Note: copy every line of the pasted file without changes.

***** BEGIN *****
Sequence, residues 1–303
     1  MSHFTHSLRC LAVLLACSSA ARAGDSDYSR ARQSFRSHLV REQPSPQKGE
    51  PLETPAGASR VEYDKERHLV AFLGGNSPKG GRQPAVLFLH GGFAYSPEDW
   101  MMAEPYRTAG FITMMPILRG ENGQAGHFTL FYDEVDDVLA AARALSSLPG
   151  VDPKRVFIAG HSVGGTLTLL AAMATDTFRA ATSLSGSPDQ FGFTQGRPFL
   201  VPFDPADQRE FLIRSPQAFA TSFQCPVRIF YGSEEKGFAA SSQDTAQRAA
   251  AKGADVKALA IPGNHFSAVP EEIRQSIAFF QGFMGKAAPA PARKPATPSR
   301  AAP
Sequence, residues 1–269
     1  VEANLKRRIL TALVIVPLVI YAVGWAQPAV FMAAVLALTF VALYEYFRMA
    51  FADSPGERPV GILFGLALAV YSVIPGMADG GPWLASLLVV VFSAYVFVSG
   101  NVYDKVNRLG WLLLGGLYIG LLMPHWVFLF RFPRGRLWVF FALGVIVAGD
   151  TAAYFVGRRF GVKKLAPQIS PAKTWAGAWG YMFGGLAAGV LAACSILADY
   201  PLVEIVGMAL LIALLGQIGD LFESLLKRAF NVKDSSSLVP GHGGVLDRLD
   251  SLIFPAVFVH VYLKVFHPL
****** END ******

Sequence, residues 1–303
     1  MSHFTHSLRC LAVLLACSSA ARAGDSDYSR ARQSFRSHLV REQPSPQKGE
    51  PLETPAGASR VEYDKERHLV AFLGGNSPKG GRQPAVLFLH GGFAYSPEDW
   101  MMAEPYRTAG FITMMPILRG ENGQAGHFTL FYDEVDDVLA AARALSSLPG
   151  VDPKRVFIAG HSVGGTLTLL AAMATDTFRA ATSLSGSPDQ FGFTQGRPFL
   201  VPFDPADQRE FLIRSPQAFA TSFQCPVRIF YGSEEKGFAA SSQDTAQRAA
   251  AKGADVKALA IPGNHFSAVP EEIRQSIAFF QGFMGKAAPA PARKPATPSR
   301  AAP
Sequence, residues 1–269
     1  VEANLKRRIL TALVIVPLVI YAVGWAQPAV FMAAVLALTF VALYEYFRMA
    51  FADSPGERPV GILFGLALAV YSVIPGMADG GPWLASLLVV VFSAYVFVSG
   101  NVYDKVNRLG WLLLGGLYIG LLMPHWVFLF RFPRGRLWVF FALGVIVAGD
   151  TAAYFVGRRF GVKKLAPQIS PAKTWAGAWG YMFGGLAAGV LAACSILADY
   201  PLVEIVGMAL LIALLGQIGD LFESLLKRAF NVKDSSSLVP GHGGVLDRLD
   251  SLIFPAVFVH VYLKVFHPL